A Conservative MP just scuppered a Commons banking debate. People think his other job explains why. [TWEETS]

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Conservative MP Andrew Mitchell has scuppered a parliamentary debate on banking. Financial activists think Michell’s other job may explain why.

On 30 November, MPs were about to debate the Royal Bank of Scotland’s (RBS) alleged mistreatment of Small and Medium Enterprises (SMEs). Leaked documents suggest that RBS deliberately tricked businesses into bankruptcy in order to maximise profits, particularly after the 2008 financial crisis.

Mitchell’s other job

But before the banking debate, former minister Mitchell secured an emergency debate on the crisis in Yemen. This effectively pushed the discussion about RBS’ business unit – the Global Restructuring Group (GRG) – off the agenda.

Labour MP Clive Lewis withdrew the debate because it wouldn’t get sufficient time:

But financial activist Joel Benjamin argued that Mitchell’s other job may reveal why. The MP for Sutton Coldfield is paid £30,000 per year as a consultant for Ernst & Young. The accountancy firm also audits RBS.

The debate on Yemen, where seven million people are on the brink of starvation, is welcome. But the situation has been an emergency for quite some time. Still, the Conservative government has licensed £4.6bn worth of arms to Saudi Arabia since it began bombing the poorest country in the Middle East.

The Canary contacted Andrew Mitchell for comment, but received none. Neil Mitchell, former CEO of Torex Retail turned RBS campaigner, said the emergency debate on Yemen was a “cynical move” by Number 10 and the Treasury to shorten or delay the debate on “atrocities committed against British Businesses from 1992 until 2017”.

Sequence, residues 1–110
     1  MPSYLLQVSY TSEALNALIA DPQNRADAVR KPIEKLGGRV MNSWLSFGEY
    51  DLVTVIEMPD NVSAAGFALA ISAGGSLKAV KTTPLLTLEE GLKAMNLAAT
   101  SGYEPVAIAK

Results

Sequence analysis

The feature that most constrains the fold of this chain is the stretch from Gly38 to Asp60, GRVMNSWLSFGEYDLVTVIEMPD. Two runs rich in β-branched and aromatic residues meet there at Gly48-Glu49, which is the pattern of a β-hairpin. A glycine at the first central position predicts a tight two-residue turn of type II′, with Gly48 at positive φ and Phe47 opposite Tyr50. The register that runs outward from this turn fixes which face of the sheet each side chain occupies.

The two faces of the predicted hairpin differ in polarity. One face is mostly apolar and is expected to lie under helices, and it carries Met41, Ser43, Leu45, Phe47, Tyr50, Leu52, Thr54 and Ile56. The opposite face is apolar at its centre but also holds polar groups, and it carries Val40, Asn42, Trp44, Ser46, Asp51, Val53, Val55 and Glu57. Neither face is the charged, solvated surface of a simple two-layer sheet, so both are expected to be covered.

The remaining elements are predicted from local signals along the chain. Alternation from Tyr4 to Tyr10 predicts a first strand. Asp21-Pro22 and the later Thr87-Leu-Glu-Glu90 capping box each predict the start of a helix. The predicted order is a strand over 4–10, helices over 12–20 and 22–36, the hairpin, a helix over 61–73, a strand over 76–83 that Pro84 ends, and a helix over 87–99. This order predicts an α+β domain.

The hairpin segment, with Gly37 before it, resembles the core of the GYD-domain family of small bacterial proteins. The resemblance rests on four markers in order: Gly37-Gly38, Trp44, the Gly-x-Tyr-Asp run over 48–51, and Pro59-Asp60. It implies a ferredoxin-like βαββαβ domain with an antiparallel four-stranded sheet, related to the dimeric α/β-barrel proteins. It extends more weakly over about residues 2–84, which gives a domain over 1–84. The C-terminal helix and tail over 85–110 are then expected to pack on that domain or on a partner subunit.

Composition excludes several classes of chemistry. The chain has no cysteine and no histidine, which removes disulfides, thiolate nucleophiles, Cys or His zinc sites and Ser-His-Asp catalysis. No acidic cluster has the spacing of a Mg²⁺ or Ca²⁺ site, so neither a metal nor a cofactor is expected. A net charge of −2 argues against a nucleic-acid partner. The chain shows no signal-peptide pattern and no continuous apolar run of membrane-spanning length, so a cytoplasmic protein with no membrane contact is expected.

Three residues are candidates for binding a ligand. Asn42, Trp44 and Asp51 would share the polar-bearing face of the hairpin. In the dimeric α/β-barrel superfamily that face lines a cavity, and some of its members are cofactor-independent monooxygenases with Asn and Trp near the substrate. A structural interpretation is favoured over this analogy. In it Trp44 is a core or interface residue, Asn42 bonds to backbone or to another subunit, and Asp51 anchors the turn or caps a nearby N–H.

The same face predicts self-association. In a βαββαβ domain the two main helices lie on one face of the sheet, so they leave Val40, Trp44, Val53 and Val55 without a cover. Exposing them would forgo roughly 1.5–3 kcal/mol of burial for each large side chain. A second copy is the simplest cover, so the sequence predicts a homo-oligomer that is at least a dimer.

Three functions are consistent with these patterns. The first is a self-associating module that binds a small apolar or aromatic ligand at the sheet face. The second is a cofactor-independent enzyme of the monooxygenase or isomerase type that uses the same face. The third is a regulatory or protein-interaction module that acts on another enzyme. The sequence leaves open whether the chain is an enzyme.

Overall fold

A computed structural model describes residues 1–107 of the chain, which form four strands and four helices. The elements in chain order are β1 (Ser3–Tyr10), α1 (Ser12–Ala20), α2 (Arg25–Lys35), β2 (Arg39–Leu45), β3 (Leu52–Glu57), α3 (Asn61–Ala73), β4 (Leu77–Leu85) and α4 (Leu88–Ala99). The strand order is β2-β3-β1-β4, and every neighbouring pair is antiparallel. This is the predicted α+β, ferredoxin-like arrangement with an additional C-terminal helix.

Government complicity?

After the financial crash, 16,000 businesses were brought into RBS’s GRG unit. GRG’s “heavy handed” tactics “even [caused] suicides”, according to a lawyer whose firm has dealt with “hundreds” of cases with affected businesses.

The issue is sensitive for the Conservative government because RBS remains 70% publicly owned. Following the financial crash, the bank was bailed out by the taxpayer at the cost of £45bn. This means that the Treasury has connections to the people running GRG. Eight senior individuals working in GRG had a “direct reporting line” to Stephen Hester, who was accountable to former Chancellor George Osborne. Hester was CEO of RBS until Osborne effectively sacked him in 2013.

The Conservatives are being accused of shielding bankers at the expense of ordinary people and businesses. Particularly Mitchell, who is directly on the payroll of the firm responsible for RBS’s accounts. We need to free our economy from the loans of banking giants and establish a public investment bank to invest in the real economy. This has gone on too long.

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Featured image via Chatham House and Ell Brown

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